Grant Morrison Still Doesn’t Mince Words About Alan Moore’s ‘Watchmen’

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Comic book icons and notable wizards Grant Morrison and Alan Moore have a famously cantankerous attitude towards each other, although Morrison does seem to have a respect tempered with criticism for the Watchmen co-creator / mall Santa / Rasputin impersonator. He doesn’t hide how he really feels, however. About anything.

IDW Publishing interviewed Morrison for the next volume of their 200-page quarterly comics magazine, Full Bleed Vol. 3: Heavy Rotation, which just launched its funding drive on Kickstarter. The full interview won’t be available until February, but io9 scored a long excerpt filled with fodder for another three decades of feuding between the two comics titans.

“I’ve read Watchmen many times,” Morrison said. “The reasons that I hated it when I was 25 are still there, but now I kinda like it because I’m older and I like the structure and I’m quite in awe of the absoluteness of it. But for all the same reasons, I hated it.” He goes on to list exactly what he hated about it, because of course.

“The fact that none of the characters were allowed to be smarter than the author, that really drove me nuts. The world’s smartest man is an idiot. He makes a plan all his life that is undone by the end of the book in an instant. The psychiatrist sits with Rorschach for five minutes and Rorschach tells a super banal story of how he became a vigilante and the psychiatrist cracks. If you’re a criminal psychiatrist who deals with men in prison, you’ve heard a million of these stories. […] Watchmen, you can’t turn the page without him saying ‘Look at me, look at me, look at me.’ Okay, we get it, man. You got thrown out of school at 16 for dealing acid, you’re clever.”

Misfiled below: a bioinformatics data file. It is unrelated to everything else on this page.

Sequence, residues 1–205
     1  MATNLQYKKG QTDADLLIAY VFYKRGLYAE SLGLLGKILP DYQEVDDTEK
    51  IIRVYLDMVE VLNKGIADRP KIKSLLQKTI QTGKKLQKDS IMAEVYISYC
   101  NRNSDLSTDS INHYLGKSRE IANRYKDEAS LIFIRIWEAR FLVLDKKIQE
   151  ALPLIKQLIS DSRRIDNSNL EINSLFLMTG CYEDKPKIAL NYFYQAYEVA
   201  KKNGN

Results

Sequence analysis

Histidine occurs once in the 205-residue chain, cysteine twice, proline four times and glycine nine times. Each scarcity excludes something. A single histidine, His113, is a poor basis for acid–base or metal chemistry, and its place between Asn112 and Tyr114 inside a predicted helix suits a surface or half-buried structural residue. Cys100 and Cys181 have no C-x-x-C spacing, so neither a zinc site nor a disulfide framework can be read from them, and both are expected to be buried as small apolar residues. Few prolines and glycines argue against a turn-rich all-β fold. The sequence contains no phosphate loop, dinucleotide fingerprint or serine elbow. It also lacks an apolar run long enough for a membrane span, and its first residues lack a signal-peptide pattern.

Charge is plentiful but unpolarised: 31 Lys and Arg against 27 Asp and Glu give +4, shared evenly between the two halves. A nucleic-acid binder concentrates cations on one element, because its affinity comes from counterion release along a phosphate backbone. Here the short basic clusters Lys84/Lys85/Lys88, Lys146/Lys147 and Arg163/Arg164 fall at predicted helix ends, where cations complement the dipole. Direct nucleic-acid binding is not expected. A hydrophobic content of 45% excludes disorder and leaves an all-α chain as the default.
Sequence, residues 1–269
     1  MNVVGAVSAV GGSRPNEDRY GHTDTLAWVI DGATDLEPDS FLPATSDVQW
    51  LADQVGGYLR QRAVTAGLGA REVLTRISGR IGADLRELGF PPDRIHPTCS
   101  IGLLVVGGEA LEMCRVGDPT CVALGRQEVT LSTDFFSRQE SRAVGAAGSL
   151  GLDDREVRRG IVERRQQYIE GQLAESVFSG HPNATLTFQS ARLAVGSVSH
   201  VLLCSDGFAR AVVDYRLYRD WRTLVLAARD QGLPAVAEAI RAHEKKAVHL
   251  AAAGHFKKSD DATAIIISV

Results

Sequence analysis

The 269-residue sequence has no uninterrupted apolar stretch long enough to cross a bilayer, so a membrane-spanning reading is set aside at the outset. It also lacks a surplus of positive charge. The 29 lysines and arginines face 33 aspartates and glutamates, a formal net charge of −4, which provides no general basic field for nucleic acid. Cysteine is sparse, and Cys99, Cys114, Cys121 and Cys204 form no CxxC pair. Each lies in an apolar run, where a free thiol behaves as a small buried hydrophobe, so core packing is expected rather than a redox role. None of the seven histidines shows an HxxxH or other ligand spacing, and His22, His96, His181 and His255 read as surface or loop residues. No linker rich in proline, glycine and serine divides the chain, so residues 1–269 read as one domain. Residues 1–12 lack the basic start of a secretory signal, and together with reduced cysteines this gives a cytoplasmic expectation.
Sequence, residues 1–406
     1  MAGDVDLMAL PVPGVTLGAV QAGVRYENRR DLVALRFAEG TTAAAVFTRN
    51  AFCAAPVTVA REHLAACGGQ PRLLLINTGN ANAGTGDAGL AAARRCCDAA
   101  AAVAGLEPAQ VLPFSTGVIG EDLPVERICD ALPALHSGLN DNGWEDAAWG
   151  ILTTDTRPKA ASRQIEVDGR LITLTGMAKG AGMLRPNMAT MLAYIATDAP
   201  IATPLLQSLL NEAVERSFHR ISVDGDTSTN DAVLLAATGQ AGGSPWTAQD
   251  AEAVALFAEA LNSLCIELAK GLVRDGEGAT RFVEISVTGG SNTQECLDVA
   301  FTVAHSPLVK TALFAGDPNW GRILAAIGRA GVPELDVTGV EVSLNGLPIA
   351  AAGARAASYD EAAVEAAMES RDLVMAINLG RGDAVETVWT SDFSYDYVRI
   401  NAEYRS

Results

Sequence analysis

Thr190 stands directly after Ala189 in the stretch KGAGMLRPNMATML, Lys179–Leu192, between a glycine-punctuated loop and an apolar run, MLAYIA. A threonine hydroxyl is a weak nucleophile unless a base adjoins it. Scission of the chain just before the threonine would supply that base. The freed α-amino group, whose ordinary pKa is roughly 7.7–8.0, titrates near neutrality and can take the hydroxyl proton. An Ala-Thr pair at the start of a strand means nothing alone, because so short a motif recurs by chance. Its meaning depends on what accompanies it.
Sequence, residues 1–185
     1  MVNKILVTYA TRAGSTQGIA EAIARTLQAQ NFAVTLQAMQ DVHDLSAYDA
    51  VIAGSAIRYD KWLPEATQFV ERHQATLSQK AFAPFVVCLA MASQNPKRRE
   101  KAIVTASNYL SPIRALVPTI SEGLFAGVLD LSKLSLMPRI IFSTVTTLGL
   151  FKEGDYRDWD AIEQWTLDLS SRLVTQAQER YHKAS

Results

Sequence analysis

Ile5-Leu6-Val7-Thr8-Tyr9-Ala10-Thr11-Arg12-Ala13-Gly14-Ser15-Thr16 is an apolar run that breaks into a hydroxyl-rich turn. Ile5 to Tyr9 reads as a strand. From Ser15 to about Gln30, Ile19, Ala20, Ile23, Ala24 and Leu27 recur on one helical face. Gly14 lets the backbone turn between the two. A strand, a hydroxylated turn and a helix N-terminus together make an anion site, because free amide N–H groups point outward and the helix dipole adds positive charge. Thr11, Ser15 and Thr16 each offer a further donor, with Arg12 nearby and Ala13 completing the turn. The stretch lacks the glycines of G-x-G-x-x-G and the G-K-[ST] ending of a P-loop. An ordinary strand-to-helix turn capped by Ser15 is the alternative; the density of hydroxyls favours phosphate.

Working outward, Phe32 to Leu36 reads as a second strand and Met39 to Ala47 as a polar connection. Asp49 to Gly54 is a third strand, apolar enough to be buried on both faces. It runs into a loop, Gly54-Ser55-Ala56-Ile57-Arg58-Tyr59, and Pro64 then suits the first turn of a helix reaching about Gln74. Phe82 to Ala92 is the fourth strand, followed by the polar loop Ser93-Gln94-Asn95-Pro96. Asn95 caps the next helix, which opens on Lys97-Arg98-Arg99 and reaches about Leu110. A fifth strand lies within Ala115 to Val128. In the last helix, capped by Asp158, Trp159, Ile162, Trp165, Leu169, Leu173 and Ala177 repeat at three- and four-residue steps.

He went on to talk about how his public dislike of Watchmen was what originally set off their “feud” — which he says isn’t a feud because “a feud would actually need to involve people’s interest. I read his stuff, he reads my stuff — he pretends he doesn’t, but he does.”

Much like what happens when you put bread in an officially-licensed Watchmen toaster, that’s a burn.

It wasn’t entirely harsh, however:

“It was the archetypal struggle, and it wasn’t fair, ‘cause I love his work. Well, there’s a lot of it I don’t like, but of course, he’s great. We grew up in a very similar time even though I’m a little bit younger than him. It’s the same influences from ‘60s TV and ‘70s TV and the books we read, sci-fi, all that stuff, same comics. And the fact that he got into magic… it’s two people who are so similar but so utterly different that there has to be a feud.”

You can read the full excerpt over at io9.